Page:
Happy 2015!

2015.jpgThe New Year is a blank slate, a chance to start over and begin again, and whether that means your diet, your job, or something else, New Year’s Day is the best place to start.

A New Year can mean new luck too, at least if worldwide New Year customs and traditions have anything to do with it. Take Spain for example – it’s customary to eat 12 grapes at midnight on New Year’s Eve, one grape for each strike of the clock. Each grape also represents a month in the year, so if, when you’re eating your grapes, the 5th grape is sour, it might mean that May is going to be a bit of a bumpy ride.

Beans are also a symbol for the New Year, and if you eat them you may experience financial rewards. In Italy, a prosperous New Year meal is lentils with sausage eaten just after midnight, but Japan has a group of dishes including one with black beans called osechi-ryori, and they are to be eaten during the first three days of the New Year.

If you’re looking for some good luck recipes to start your New Year off on the right foot, look no further – I’ve got a few great dishes for you to choose from:

Quick Hoppin’ John Souphoppin-john.jpg

Way down south where the kudzu grows, Hoppin’ John Soup is THE thing to eat on New Year’s Day. It’s supposed to bring you a prosperous New Year filled with good luck. I like to make my Hoppin’ John with sausage my parents send me from Saskatchewan, because I think it brings extra good luck to mix the traditional family sausage into the Hoppin’ John. Recipe and photo from Allrecipes.com.


1 pound sage pork sausage
1 (6 ounce) package uncooked long grain
and wild rice mix, with seasoning packet
2 (15 ounce) cans black-eyed peas,
2 (14.5 ounce) cans diced tomatoes, with
2 (14 ounce) cans chicken broth
2 cups water
salt to taste



Crumble sausage into a skillet over medium heat and cook until evenly brown.

In a large pot, mix the cooked sausage, rice mix with seasoning packet, black-eyed peas, tomatoes, broth and water. Bring to a boil. Reduce heat to low, cover and simmer 20 minutes, or until rice is tender. Season to taste with salt.

Moist and Delicious Cornbreadcornbread.jpg

While you are making your Hoppin’ John, be sure to add a side of corn bread. Corn bread, especially with bits of whole corn mixed in, symbolizes gold. Gold symbolizes wealth and money, so this is one side dish that’s really popular on New Year’s Day down south. Recipe and photo from the Food Network.


6 tablespoons unsalted butter, melted, plus butter for baking dish

1 cup cornmeal

3/4 cup all-purpose flour

1 tablespoon sugar

1 1/2 teaspoons baking powder

1/2 teaspoon baking soda

1/4 teaspoon salt

2 large eggs, lightly beaten

1 1/2 cups buttermilk



Preheat the oven to 425 degrees F. Lightly grease an 8-inch baking dish.

In a large bowl,
mix together the cornmeal, flour, sugar, baking powder, baking soda, and salt.

In a separate bowl, mix together the eggs, buttermilk, and butter. Pour the buttermilk mixture into the cornmeal mixture and fold together until there are no dry spots (the batter will still be lumpy). Pour the batter into the prepared baking dish.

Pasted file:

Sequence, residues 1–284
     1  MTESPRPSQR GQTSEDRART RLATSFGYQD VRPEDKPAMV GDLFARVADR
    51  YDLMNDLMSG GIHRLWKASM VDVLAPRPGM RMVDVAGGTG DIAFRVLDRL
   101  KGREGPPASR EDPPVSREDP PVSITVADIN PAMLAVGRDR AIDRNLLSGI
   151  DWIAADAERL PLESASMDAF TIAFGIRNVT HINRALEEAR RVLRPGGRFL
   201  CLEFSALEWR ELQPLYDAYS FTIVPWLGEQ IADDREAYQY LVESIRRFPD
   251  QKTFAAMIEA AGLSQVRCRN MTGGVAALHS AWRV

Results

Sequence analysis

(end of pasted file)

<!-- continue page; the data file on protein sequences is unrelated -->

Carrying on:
Bake until the top is golden brown and tester inserted into the middle of the corn bread comes out clean, about 20 to 25 minutes. Remove the cornbread from the oven and let it cool for 10 minutes before serving.

Rosca de Reyes

Round or ring shaped cakes are thought to bring good luck to you in the New Year. Depending on where you live, you could bake a round cake like the Greek vasilopita that has a special coin inside. In Mexico, the Rosca de Reyes is a ring shaped holiday cake that’s similar to a fruitcake. Some make it with a special surprise baked in, while others just enjoy it without looking for treasure. Recipe and
photo from inside-mexico.com.


3 1/2 cups flour
1 packet yeast
3/4 cups of sugar
7 eggs
125 grams butter
1/4 cup lukewarm milk
Dash of salt
2 tsp. cinnamon
1/4 tsp aniseed
100 grams raisins
1 tsp vanilla
50 grams candied figs
50 grams candied orange
50 grams candied lemon
50 grams candied cherries
50 grams candied citron
1 beaten egg



Dissolve the yeast in five tablespoons lukewarm milk.  Mix the flour, yeast, sugar, eggs, melted butter, milk, salt, cinnamon, aniseed, raisins, and vanilla. 

Knead into a ball; grease it with some butter and place near a warm stove until the dough doubles in size. (About 2 1/2 hours)  Meanwhile cut into strips the candied fruit.

Knead, banging it down on the floured tabletop, to make it soft and pliable.  Form the dough into a ring or rosca. 

Place the rosca on a greased baking sheet. Decorate it with the strips of candied fruit. Leave the rosca once more to fluff up again. Brush the rosca with the beaten egg and sprinkle over granulated sugar. 

Bake for 40 minutes at 360° F ( 180°C) in preheated oven.

Just like there is food that brings good luck for the New Year, there are dishes you may not want to serve. Lobster is supposed to bring bad luck because they move backwards, and that could signify you moving backwards. You might not want to eat chicken during the first days of the year either, because they scratch backwards and that may lead to dwelling on the past.

Even if you don’t believe in good luck recipes for the New Year, you should try a few of these good luck recipes, and don’t forget that the New Year is a good time to restock your kitchen shelves too. Take a look at all of the small appliances and kitchen gear on Bestbuy.ca, and check out a few of my favourites:

Want to make something round or ring shaped for good luck? A pretzel has three rings each, and they taste delicous
Keep your ring shaped cake fresh well into the new year with a cake keeper.
Loaves of cornbread bake up golden brown in a loaf pan
Shelly Wutke
Editor TV & Home Theatre
I'm a Vancouver freelancer and tech enthusiast. When I'm not writing you'll find me on my farm with my alpacas, chickens, and honeybees. Visit my website Survivemag